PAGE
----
GPL Fun

Everyone who cares about the continued smooth running of the free software world where communities of independent parties gather around working on projects as we do in KDE or Linux should keep an eye on recent developments.

The VMWare case has a Linux developer suing VMWare for using Linux as part of their proprietary product.  Harald ‘LaForge’ Welte has a nice write up on his blog.  It will define how much modification can be done and then whether linking to a modified Linux build will be a derived work of the original.

The other one is Canonical who have announced it plans to ship zfs with Ubuntu.  An employee wrote in a confusing blog post “As we have already reached the conclusion, we are not interested in debating license compatibility, but of course welcome the opportunity to discuss the technology.” but in linking to differing opinions feels the need to highlight “please bear in mind that these are opinions.”  The Software Freedom Conservancy wrote an post discussing why it was a derived work and why that’s illegal to distribute.  And the SFLC’s Eben Moglen wrote another one which based on a link from Dustin’s blog is the opinion they are replying upon for thinking everything is ok.  Eben’s blog post is fascinating and makes for page turning bed-time reading by going into exactly why it’s a derived work.  It all depends on “literal interpretation of GPLv2’s system library exception” and that based on that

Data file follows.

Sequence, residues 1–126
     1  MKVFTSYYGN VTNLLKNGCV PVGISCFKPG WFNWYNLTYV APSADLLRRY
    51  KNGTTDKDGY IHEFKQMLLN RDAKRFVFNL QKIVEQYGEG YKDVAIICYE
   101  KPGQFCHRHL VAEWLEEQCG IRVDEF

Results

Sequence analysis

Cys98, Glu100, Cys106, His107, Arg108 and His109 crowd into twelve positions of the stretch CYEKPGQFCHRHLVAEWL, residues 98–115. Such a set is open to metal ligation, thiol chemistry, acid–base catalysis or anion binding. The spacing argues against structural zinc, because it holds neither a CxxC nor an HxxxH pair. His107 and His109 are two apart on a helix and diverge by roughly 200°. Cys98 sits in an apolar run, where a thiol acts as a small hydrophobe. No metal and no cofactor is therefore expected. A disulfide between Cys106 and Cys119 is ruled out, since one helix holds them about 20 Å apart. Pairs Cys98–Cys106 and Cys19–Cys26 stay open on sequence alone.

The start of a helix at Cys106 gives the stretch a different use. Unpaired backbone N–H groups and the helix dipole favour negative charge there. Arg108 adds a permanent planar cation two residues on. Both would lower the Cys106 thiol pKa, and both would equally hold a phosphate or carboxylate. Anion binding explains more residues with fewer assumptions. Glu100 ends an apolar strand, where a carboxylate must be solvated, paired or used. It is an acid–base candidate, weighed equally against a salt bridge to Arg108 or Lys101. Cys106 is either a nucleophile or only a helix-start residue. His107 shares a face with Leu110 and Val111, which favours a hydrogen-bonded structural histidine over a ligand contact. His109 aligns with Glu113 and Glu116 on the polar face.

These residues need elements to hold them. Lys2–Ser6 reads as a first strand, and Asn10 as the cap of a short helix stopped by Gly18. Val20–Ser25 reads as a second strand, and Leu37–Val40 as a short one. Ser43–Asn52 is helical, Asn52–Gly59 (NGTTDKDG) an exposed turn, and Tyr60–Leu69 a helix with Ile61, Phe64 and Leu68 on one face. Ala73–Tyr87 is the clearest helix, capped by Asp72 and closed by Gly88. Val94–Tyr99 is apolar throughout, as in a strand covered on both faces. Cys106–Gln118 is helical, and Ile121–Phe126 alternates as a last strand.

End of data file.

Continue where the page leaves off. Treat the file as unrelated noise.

If there exists a consensus among the licensing copyright holders to prefer the literal meaning to the equity of the license, the copyright holders can, at their discretion, object to the distribution of such combinations. They would be asserting not that the binary so compiled infringes their copyright, which it does not, but that their exclusive right to the copying and redistribution of their source code, on which their copyright is maximally strong, is infringed by the publication of a source tree which includes their code under GPLv2 and ZFS filesystem files under CDDL, when that source tree is offered to downstream users as the complete and corresponding source code for the GPL’d binary.

Which nicely explains why an unlinked nvidia driver is ok but a linked zfs driver is not.

Canonical are already distributing Linux illegally because their previous Intellectual Property Policy claimed additional restrictions which do not exist so they have lost the right to copy it under the GPL 2 licence.  My guess would be that they realised nobody much cared about that and reasoned they had nothing more to lose.

I can’t find zfs in the Ubuntu archive or queue, as an archive admin I would of course reject it as it’s not compatible with Ubuntu’s policy.

Facebooktwitterlinkedinby feather